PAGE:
Ideally, every email marketing campaign would have completely successful delivery and open rates. Unfortunately, that just isn’t the case. If you send marketing emails, you’ve likely experienced bounced mail. To some extent, this is unavoidable. However, you still want to minimize it as much as possible.
So how do you address bounced and blocked emails? It’s important to understand why it is happening in the first place. Once you do, you can identify potential issues in your email marketing process and then fix them. You’ll also know how to avoid the same problems in future campaigns.
The best way to learn about bounced mail is to gain a better understanding of bounce and block classifications.
What Are Bounce and Block Classifications?
Any time there is a bounced mail, the email provider sends back some helpful information. This information will be included within the failed delivery notification that is routed back to the sender. You will see an RFC code, along with the reason the delivery failed.
Bounce and block classifications are defined by those RFC codes. A code in the 500 range is a permanent failure or hard bounce. A code in the 400 range indicates a block.
The problem is that not every ISP sticks to the same bounce and block classifications. Also, it can be difficult to interpret what these codes and messages mean and how to handle them in your email marketing campaigns. There are so many, and many of these messages are quite cryptic.
Despite these complexities, these messages are what will provide you with the best possible information for dealing with bounced mail issues.
Primary Bounce and Block Classifications
Most bounced and blocked emails happen for one of several reasons. They will generally fall within one of the primary classifications listed below:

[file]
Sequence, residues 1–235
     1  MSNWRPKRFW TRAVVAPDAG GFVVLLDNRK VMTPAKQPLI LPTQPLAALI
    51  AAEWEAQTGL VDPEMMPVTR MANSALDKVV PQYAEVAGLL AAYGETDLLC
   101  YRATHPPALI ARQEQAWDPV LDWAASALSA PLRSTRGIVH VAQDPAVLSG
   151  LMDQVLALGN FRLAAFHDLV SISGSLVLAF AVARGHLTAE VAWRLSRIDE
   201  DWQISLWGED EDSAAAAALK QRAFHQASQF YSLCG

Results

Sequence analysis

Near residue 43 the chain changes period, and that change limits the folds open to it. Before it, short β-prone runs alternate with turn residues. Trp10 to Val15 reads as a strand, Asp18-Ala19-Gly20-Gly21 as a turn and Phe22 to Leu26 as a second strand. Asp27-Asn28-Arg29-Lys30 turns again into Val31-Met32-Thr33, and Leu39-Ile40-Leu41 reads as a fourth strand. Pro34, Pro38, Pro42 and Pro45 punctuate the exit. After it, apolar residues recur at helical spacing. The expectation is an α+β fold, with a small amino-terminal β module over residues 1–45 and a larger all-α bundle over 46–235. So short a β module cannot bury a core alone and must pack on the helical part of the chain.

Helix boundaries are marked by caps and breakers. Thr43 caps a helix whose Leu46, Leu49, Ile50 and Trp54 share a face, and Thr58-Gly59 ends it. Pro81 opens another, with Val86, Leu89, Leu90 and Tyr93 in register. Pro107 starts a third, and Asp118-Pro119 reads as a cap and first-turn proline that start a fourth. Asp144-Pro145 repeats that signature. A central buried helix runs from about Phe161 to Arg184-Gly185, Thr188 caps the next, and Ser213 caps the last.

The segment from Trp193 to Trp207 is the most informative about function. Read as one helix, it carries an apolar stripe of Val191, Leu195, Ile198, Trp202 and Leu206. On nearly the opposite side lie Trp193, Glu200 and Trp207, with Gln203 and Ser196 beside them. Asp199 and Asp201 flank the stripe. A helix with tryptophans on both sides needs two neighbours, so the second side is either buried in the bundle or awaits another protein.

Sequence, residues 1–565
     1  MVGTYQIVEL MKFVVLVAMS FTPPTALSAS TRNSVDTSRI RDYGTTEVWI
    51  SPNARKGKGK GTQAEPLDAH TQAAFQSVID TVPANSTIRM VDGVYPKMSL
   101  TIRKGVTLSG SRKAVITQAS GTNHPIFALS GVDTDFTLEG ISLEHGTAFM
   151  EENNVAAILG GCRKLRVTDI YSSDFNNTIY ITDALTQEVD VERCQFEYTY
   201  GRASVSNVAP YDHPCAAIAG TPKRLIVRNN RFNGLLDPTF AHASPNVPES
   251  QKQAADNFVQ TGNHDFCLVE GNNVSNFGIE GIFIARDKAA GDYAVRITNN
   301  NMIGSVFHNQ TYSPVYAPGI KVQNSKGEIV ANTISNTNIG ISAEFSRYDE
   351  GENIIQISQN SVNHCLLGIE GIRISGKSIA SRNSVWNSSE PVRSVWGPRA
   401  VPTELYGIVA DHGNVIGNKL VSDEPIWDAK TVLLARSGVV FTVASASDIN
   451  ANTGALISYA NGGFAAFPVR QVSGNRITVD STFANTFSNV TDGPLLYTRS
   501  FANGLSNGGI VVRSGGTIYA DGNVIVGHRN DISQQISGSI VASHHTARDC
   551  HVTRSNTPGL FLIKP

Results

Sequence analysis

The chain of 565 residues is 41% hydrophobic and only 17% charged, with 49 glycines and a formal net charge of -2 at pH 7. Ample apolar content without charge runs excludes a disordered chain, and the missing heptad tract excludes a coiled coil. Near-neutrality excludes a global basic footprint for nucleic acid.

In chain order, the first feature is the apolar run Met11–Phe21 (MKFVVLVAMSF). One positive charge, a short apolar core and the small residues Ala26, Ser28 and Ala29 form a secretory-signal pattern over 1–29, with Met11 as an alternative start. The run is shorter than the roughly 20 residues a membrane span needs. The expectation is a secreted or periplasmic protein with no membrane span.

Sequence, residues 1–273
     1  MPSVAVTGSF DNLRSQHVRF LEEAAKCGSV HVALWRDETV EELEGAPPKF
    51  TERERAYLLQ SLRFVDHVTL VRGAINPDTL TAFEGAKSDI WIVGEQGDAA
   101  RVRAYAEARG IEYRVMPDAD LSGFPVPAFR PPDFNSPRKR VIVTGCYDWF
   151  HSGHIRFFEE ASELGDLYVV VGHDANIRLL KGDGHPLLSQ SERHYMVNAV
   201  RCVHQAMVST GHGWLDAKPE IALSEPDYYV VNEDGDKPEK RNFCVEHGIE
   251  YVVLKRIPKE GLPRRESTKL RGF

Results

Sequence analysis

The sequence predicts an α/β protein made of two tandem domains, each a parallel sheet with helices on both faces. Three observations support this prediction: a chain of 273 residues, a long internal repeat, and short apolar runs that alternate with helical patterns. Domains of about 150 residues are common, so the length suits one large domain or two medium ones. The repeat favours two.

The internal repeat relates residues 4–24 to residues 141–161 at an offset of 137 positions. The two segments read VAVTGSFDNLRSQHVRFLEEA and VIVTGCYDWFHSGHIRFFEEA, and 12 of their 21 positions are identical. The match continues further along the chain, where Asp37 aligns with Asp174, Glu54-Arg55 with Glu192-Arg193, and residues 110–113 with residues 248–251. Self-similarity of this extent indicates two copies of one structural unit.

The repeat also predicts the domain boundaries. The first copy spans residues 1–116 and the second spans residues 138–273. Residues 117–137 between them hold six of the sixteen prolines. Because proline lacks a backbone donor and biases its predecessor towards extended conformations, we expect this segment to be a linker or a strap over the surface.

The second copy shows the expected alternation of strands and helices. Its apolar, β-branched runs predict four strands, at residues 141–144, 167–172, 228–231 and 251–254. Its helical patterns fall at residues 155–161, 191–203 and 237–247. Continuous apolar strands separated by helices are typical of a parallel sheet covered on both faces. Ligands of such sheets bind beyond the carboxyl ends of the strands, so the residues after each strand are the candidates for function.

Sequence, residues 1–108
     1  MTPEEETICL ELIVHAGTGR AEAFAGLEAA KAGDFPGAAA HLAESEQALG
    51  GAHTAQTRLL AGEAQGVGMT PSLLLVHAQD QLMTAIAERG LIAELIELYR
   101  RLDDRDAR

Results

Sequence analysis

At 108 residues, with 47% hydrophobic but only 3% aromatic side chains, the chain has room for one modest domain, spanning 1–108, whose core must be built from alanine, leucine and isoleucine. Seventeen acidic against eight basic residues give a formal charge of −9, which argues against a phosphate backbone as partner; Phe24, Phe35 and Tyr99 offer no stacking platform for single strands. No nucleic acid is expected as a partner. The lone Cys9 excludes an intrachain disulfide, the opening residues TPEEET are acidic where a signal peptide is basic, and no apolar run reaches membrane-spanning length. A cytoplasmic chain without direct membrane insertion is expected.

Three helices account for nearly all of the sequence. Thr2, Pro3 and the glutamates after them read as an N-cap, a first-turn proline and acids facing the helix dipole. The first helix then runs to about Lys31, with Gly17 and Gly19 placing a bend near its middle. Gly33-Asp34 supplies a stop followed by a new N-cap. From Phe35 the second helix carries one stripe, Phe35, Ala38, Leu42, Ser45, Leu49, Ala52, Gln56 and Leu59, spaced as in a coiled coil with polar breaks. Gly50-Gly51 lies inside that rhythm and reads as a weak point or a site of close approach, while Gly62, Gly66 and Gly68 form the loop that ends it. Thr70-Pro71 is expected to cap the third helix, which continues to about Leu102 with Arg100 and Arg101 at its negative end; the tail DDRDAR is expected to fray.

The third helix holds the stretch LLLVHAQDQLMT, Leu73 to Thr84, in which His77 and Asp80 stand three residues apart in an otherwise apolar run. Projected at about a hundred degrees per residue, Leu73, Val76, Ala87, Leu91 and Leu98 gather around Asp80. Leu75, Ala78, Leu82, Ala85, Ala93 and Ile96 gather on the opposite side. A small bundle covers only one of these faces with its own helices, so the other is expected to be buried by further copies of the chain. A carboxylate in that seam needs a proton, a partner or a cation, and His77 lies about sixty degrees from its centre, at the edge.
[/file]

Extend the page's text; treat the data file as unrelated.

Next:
Undetermined Technical Failure
An “undetermined technical failure” indicates that some technical failure resulted in the marketing email failing to land where it was intended.
This failure may have occurred on the sender’s or recipient’s side. Two potential causes are that the sender lacks DNS records or that the sender has failed the authentication check. Unfortunately, it can be nearly impossible to know the cause for certain. The same email could fail one day but be delivered correctly the next.
Some ISPs will block mail because of the sender’s reputation. This is based on the domain name or IP address. The reputation is determined by algorithms that use hundreds of signals or more to make this determination. Several seemingly innocuous factors, when combined together, can trigger this kind of reaction.
“Mailbox unavailable” indicates that there was an issue with the recipient’s mailbox that prevented your email from being delivered. This message does not mean that the email address was bad. Instead, it indicates that some condition is causing a lack of availability.
While many error messages are helpful when you need to troubleshoot issues with email deliverability, others are not. They may be overly generic, such as “failed,” or too cryptic for anyone other than a technician for that ISP to figure out.
Bad or Invalid Email Address
Bad or invalid email address errors are fairly common. This error is often used when an email address is formatted incorrectly, misspelled, or simply doesn’t exist.
Keep in mind that this error can occur even for addresses that worked recently. Some ISPs will periodically purge inactive email addresses that were receiving emails but not being actively used.
If a mailbox provider determines that your email is malicious or an attempt to spam, they may reject it. This is determined by the content of your email. Here are some of the elements that can trigger this action:
- The message is too long
- There is a poor text-to-image ratio
- The email contains links and URLs that are suspicious
- The text itself is suspicious or has scam or spam red flags
- The email includes attachments that are too large or otherwise not allowed
The algorithms that determine questionable content may vary from one provider to another. It is common to see a large batch of emails rejected by one provider but accepted by others.
Frequency or Volume
Emails may be blocked if the amount you send exceeds a threshold that has been set by the email provider. Likewise, your emails may be blocked if you attempt to send too many too quickly. This is most likely to occur when broadcasting large batches of emails to multiple recipients.
Most RFC codes can be mapped onto one of the classifications detailed above, although there are other classifications. However, the vast majority of your marketing email issues will be covered by one of these categories.
If you focus your efforts on fixing any problems that could be causing your emails to encounter these errors, you could significantly improve your campaigns.
Using Bounce and Block Classifications to Improve Email Marketing